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View Full Version : Condos in Brooklyn out of control



sw19
March 28th, 2006, 11:51 AM
Is it me, or does there seem to be a glut of condos in Midwood, Sheepshead Bay, etc.? And do they seem to be overpriced? The few I've looked at offer absolutely nothing warranting the price they are asking. It seems that if you give up very little, you can live in Manhattan.

MrSpice
March 28th, 2006, 12:06 PM
Is it me, or does there seem to be a glut of condos in Midwood, Sheepshead Bay, etc.? And do they seem to be overpriced? The few I've looked at offer absolutely nothing warranting the price they are asking. It seems that if you give up very little, you can live in Manhattan.

It's my understanding that you can bargain and get a better price on many of the new condos that are being built in those parts of Brooklyn. You are looking at the asking price. You should be able to offer less and still get it.

Many of those condos offer tax abatement for 10-15 years and often come with a personal parking space (sometimes they ask you to pay 25-35K extra to have your own parking space). I pay 300/month for parking in Manhattan. While the prices may seem high to you, you can buy a nice 2-br apartment for 500-600K in Midwood. You can only buy a studio or a very small 1br for that money in Manhattan. In Manhattan, you would pay $500/month in maintenance or more for 1br and $500 or more in real estate taxes. Many of those those condos required $200/month in maintenance and virtually no taxes for the first 10 years. That's a bargain.

Lastly, the prices are determined by the market. If everyone felt like you, the prices would fall much lower (and they already did).

sw19
March 28th, 2006, 12:19 PM
I was born and raised in Brooklyn and live in Midwood now. I don't see any of the condos in this area being worth more than 1/2 - 2/3 what they are asking. Construction is sub-par and amenities are lacking. Just like the co-op boom in Brooklyn twenty years ago, I think there will be plenty of empty units. I looked at a unit on Ave. P & E. 19 St almost a year ago. The person showing it said there were only 2 units left. I guess he was either lying, or hoping. But most of the building apears unsold to this day.

MrSpice
March 28th, 2006, 12:34 PM
I was born and raised in Brooklyn and live in Midwood now. I don't see any of the condos in this area being worth more than 1/2 - 2/3 what they are asking. Construction is sub-par and amenities are lacking. Just like the co-op boom in Brooklyn twenty years ago, I think there will be plenty of empty units. I looked at a unit on Ave. P & E. 19 St almost a year ago. The person showing it said there were only 2 units left. I guess he was either lying, or hoping. But most of the building apears unsold to this day.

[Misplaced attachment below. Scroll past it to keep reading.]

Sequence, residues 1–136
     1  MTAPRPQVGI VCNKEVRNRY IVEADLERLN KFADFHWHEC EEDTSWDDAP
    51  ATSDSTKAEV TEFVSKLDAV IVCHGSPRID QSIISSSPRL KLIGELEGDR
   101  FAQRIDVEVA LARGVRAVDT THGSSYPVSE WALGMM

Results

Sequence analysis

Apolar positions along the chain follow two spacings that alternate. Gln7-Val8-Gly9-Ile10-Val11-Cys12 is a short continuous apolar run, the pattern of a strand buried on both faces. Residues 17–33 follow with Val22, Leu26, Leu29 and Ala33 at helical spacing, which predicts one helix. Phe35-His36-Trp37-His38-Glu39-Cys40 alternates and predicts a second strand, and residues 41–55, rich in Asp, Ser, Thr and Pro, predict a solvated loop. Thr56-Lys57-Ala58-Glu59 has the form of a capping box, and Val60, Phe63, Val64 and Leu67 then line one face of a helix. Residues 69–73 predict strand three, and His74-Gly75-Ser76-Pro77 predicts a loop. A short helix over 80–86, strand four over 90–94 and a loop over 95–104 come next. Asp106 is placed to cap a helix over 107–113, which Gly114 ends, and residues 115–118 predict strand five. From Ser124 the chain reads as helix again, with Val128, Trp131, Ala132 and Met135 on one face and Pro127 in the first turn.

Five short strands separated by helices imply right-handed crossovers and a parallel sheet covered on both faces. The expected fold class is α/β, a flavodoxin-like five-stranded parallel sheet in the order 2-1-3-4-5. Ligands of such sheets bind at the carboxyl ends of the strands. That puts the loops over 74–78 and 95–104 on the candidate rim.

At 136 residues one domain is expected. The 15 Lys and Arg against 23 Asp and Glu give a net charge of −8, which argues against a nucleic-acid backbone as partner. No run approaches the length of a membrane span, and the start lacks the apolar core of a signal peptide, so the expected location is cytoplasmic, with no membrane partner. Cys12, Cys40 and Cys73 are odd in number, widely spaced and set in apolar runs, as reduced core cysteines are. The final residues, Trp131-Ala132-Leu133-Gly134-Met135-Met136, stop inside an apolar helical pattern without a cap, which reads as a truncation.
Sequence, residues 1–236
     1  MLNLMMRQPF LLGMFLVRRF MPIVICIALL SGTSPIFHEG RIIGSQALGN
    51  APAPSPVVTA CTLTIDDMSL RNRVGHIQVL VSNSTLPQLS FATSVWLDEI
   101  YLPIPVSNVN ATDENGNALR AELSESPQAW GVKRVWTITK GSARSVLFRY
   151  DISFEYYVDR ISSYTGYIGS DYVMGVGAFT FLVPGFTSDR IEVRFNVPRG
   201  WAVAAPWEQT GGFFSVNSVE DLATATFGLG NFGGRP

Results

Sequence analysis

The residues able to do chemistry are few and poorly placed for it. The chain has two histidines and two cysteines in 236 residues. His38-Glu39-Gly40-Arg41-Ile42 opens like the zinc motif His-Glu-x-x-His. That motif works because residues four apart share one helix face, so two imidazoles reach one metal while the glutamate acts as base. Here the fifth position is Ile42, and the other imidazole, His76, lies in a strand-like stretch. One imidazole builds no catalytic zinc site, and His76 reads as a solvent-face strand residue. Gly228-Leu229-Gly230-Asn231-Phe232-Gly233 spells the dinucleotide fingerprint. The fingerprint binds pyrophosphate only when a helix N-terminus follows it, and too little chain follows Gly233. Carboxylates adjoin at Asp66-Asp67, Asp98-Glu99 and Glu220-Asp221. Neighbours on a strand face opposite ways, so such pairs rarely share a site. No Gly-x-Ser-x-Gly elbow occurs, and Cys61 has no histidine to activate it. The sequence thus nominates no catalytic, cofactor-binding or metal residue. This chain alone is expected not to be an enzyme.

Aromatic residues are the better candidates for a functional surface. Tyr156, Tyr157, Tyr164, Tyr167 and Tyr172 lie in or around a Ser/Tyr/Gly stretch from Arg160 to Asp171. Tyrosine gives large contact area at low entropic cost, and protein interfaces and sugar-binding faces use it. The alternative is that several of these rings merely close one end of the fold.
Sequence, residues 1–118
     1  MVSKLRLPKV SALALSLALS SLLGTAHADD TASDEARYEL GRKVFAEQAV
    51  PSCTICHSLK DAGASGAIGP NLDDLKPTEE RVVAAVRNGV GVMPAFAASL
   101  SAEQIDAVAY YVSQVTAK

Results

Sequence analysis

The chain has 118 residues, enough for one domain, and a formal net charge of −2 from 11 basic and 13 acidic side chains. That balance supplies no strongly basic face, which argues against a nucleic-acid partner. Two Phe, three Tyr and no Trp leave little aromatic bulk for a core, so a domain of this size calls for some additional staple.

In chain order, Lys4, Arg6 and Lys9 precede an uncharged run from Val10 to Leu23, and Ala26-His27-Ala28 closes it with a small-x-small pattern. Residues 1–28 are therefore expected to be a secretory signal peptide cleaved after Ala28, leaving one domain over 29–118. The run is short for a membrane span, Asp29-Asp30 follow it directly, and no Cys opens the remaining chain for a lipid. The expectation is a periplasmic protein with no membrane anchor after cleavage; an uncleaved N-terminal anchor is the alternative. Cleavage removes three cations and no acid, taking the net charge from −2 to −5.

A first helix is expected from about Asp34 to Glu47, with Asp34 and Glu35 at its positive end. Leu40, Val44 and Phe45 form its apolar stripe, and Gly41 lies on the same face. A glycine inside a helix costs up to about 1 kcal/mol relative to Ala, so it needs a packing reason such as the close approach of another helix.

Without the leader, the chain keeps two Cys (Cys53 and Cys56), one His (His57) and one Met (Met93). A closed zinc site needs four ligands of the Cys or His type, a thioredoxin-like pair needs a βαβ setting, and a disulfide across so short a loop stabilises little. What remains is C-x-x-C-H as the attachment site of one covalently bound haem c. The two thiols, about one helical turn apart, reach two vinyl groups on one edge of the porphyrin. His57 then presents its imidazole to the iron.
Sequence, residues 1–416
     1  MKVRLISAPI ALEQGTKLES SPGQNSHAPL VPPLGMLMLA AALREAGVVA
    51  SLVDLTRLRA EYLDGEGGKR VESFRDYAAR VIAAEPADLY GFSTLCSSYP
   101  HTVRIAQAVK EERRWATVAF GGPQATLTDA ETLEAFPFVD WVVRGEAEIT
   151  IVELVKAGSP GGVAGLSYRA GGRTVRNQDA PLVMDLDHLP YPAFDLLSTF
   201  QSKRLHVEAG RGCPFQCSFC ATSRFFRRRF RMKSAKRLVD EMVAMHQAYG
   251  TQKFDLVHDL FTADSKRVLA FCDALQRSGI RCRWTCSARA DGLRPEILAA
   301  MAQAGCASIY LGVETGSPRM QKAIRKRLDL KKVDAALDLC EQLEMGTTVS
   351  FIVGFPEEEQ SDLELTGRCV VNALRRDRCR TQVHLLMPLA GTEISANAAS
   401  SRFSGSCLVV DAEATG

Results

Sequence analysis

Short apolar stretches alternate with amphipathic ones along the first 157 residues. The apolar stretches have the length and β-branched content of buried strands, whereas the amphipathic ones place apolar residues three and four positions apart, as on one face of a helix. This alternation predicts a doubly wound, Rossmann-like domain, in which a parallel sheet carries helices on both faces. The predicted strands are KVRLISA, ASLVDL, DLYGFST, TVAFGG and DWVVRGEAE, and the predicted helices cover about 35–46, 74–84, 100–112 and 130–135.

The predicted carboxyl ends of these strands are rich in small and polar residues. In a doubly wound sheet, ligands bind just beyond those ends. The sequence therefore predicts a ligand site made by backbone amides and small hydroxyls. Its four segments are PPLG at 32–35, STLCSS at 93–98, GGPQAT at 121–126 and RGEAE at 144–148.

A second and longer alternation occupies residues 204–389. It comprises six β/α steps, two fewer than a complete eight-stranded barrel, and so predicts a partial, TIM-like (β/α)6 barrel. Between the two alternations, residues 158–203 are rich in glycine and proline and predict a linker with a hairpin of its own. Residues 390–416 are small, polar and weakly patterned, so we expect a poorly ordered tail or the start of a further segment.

Again, your view of what they are worth have nothing to do with the price. If you want to live in a condo, you have to pay what the market demands for it. The market for condos in this part of Brooklyn got really sour in the past year. I think they have trouble selling some of them. That's why I think it's a good time to buy because you can choose the best development and bargain on the price and probably buy for much less than the asking price. I think you should view those condos with someone who is either contractor or a buildings expert and can see whether the building's design is sound. I agree - some of the new condos look very poorly made. It's also worth looking at the condos that were built 2-3 years ago - many people that bought then are selling now in order to cash out. If you buy new condo, you pay much more in closing costs (both seller's and buyer's)

BklynJeff
March 30th, 2006, 02:28 AM
Finally -- someone who shares my thoughts on this condo glut. But you know what? They don't stop building them!

The construction and design is very very poor. I'm an architect with a NYC agency, and even we wouldn't design something this bad. If I did these designs when I was at Pratt, I'd be kicked out of school. I simply do not understand how this substandard construction can be acceptable to the authorities. The residential building codes must have changed along with the zoing codes, which is permitting all of this overbuilding. I recently went to see the condo on Quentin and E.18 and it was just horrible. My building built in 1941 is 1000 times better than that junk. Plus, it's not very enticing to live with a sign over your entrance proclaiming "Pain Management".

Definitely NOT worth 500-600k. Maybe not even half the price.

sw19
March 30th, 2006, 02:52 PM
Finally -- someone who shares my thoughts on this condo glut. But you know what? They don't stop building them!

The construction and design is very very poor. I'm an architect with a NYC agency, and even we wouldn't design something this bad. If I did these designs when I was at Pratt, I'd be kicked out of school. I simply do not understand how this substandard construction can be acceptable to the authorities. The residential building codes must have changed along with the zoing codes, which is permitting all of this overbuilding. I recently went to see the condo on Quentin and E.18 and it was just horrible. My building built in 1941 is 1000 times better than that junk. Plus, it's not very enticing to live with a sign over your entrance proclaiming "Pain Management".

Definitely NOT worth 500-600k. Maybe not even half the price.
Jeff,